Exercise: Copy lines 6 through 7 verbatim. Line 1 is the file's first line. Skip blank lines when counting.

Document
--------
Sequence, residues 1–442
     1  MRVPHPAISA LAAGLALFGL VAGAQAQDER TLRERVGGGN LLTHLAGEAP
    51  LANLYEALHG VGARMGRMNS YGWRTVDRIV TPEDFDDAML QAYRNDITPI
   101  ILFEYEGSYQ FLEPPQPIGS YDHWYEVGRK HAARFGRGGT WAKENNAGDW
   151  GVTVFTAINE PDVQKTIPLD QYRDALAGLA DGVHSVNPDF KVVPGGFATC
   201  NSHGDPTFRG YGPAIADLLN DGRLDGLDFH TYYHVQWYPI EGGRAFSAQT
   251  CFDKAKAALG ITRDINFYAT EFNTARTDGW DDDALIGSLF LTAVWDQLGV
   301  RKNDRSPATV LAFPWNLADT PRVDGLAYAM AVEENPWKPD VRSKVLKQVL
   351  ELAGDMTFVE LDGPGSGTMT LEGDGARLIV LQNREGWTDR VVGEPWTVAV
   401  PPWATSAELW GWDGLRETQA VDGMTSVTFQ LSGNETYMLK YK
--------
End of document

   201  NSHGDPTFRG YGPAIADLLN DGRLDGLDFH TYYHVQWYPI EGGRAFSAQT
   251  CFDKAKAALG ITRDINFYAT EFNTARTDGW DDDALIGSLF LTAVWDQLGV